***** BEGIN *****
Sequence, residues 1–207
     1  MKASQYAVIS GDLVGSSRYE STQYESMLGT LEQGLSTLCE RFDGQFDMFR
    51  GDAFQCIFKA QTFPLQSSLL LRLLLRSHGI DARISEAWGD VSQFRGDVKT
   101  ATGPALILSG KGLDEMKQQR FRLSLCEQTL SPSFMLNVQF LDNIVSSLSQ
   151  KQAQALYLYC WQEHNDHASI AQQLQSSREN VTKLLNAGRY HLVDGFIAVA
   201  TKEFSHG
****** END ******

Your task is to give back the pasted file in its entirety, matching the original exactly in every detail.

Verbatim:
Sequence, residues 1–207
     1  MKASQYAVIS GDLVGSSRYE STQYESMLGT LEQGLSTLCE RFDGQFDMFR
    51  GDAFQCIFKA QTFPLQSSLL LRLLLRSHGI DARISEAWGD VSQFRGDVKT
   101  ATGPALILSG KGLDEMKQQR FRLSLCEQTL SPSFMLNVQF LDNIVSSLSQ
   151  KQAQALYLYC WQEHNDHASI AQQLQSSREN VTKLLNAGRY HLVDGFIAVA
   201  TKEFSHG